Academic reform and technology were two of the major topics that arose during the SGI Org. Congress on Oct. 17 in the D’Angelo Center.
During the academic forum portion of the meeting, students were allowed to ask academically based questions to Dr. Julia Upton, University provost, and
other high-level University officials.
John Marchi, junior senator, was the first to take the floor, asking if particular changes could be made to language requirements and placements in certain
levels. Jeffrey Fagan, head dean of St. John’s College, advised Marchi to see the director of the GLCC for special circumstances.
One student brought up an issue of professors setting up specific deadlines for online classes. The student said that professors had set deadlines for a Friday
for assignments due for that Sunday.
She assured the student that she would look into and handle the matter. “I can do something to communicate with online professors,” she said.
Upton, who teaches online classes as well, said she tries to notify her students of a posted assignment at
least five days in advance.
She also announced that changes had been made to provide students with studying areas. The D’Angelo Center will be open 24/7 during finals week and more quiet areas will be provided on other parts of campus.
A particular student asked if there was a way to monitor students respecting the notion of quiet in the studying areas. Upton suggested that SGI find a way to
ensure that quiet areas remain that way.
Several students asked questions of certain Information Technology-related issues. A student asked if anything could be done about the lack of Wi-Fi in dorms, and why it was only available in common rooms.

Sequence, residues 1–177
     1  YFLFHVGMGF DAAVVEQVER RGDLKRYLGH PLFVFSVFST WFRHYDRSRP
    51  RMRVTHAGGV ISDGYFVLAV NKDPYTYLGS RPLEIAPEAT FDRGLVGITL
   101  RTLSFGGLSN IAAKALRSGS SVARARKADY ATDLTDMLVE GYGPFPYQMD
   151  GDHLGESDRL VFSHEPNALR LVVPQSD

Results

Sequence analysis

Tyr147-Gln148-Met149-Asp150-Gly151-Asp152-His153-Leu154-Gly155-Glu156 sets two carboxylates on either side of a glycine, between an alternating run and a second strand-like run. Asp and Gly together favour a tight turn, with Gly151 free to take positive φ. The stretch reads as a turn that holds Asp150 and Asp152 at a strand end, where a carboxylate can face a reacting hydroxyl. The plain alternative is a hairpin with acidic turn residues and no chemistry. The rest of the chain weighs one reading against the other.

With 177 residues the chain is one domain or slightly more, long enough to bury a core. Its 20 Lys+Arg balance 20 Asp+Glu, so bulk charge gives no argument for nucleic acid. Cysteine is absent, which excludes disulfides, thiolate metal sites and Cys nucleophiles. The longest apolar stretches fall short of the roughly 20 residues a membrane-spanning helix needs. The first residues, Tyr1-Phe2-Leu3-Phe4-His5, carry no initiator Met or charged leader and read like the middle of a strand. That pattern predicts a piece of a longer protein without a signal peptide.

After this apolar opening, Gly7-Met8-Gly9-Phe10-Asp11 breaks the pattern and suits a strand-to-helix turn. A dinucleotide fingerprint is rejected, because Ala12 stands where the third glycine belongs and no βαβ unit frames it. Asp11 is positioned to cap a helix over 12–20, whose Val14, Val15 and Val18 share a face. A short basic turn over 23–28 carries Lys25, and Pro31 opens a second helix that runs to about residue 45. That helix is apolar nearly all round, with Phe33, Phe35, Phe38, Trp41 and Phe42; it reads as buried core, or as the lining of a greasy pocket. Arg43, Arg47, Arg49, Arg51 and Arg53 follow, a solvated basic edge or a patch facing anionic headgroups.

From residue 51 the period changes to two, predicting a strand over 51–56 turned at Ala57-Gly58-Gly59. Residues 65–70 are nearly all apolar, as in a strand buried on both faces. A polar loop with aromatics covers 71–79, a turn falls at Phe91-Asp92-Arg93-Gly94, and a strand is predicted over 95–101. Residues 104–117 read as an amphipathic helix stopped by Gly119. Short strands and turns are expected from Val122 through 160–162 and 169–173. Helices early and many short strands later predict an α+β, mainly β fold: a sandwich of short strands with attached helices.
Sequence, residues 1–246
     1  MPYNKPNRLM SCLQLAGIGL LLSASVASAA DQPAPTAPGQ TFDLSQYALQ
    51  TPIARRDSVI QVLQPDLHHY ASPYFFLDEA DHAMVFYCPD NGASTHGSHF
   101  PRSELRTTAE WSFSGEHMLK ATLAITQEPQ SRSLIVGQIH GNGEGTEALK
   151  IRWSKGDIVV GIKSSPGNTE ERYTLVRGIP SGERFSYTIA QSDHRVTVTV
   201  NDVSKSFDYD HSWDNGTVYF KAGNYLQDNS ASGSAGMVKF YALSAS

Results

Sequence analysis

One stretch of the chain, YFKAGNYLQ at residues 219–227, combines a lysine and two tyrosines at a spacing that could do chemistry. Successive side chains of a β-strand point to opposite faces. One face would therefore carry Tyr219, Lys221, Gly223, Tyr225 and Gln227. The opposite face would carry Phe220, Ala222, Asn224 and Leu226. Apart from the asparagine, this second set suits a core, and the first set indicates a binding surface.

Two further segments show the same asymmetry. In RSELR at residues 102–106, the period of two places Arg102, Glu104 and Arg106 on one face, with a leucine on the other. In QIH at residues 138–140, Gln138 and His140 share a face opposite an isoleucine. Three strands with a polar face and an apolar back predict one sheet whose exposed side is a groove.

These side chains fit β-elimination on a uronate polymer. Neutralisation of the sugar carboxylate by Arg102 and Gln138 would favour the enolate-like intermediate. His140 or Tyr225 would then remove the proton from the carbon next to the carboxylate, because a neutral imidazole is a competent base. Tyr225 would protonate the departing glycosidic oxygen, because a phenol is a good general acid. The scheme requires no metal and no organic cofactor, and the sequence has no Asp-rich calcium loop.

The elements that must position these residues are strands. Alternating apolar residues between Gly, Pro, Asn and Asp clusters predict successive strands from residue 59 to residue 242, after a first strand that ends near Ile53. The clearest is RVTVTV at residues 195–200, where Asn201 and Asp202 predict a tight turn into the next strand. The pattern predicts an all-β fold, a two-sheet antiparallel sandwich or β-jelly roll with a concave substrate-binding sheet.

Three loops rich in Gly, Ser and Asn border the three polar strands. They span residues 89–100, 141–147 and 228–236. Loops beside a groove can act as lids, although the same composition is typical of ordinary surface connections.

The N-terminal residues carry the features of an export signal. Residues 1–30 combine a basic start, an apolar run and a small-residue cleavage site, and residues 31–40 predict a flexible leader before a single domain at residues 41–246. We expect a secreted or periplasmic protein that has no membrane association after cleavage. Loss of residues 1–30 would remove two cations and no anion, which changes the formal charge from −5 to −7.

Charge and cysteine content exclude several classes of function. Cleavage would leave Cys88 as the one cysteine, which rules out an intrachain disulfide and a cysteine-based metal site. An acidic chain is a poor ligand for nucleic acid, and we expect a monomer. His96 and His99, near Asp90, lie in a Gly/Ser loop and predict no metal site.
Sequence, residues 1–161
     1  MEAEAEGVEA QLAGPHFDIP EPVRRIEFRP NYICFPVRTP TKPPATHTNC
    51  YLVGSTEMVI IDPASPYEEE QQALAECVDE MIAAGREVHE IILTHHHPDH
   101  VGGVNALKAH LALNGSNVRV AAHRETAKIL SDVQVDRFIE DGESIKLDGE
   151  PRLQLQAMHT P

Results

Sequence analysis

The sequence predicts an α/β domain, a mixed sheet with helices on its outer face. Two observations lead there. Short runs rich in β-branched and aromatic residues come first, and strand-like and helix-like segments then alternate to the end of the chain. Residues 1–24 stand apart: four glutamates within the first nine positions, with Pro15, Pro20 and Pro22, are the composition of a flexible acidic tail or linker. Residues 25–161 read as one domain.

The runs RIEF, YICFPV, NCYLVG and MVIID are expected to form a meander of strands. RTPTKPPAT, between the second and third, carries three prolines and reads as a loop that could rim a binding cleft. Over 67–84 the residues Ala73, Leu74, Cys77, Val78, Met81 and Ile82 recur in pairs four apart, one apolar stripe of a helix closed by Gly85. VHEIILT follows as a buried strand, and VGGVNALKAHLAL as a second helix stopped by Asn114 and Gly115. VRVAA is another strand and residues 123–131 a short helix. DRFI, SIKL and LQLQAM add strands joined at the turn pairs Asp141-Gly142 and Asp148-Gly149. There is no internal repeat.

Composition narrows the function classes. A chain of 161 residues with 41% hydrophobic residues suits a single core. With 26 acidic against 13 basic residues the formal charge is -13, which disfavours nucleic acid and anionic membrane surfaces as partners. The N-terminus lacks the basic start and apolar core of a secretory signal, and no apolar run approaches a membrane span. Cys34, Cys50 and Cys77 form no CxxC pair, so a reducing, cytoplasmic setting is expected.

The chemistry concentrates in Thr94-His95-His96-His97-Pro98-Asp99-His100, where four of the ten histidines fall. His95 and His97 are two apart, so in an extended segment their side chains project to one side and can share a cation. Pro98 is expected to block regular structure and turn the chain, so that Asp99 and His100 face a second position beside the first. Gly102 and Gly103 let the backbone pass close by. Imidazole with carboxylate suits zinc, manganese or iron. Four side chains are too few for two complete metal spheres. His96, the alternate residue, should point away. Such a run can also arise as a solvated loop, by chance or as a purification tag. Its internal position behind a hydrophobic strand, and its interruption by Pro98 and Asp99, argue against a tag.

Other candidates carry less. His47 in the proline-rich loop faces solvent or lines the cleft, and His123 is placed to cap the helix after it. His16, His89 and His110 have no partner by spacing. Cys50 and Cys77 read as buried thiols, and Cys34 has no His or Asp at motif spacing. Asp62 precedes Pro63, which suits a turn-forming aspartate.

Joseph Tufano, vice president of Information Technology, told the student that IT had noticed some “dead spots” on campus and had been working to get
a connection to these areas. He also said the department had done a recent survey of weak Internet areas on campus. The survey was used to see how much it would cost to strengthen the internet connection. Tufano said Internet in the common rooms had been able to provide students with an area to work on their laptops together.
Sophomores, Juniors, and Seniors were also updated by their respective senior senators what each grade had been working. Elizabeth Sheehan, sophomore
senator, informed the room that the grade had been working to inform sophomores more on what they could do with their major.
Marchi said the junior class had been working with the career center on helping his grade transition into the real world. Marchi said one of the top things
he had been working on was informing on and encouraging the use of Linkedin.
Lastly, Ellen McBurney, senior senator, said the senior committee had also been working on new initiatives with the Career Center. She said the committee is working on information sessions aimed at helping students apply to graduate school. Others will look to help students apply for jobs, how to act during an interview and how to do a phone interview.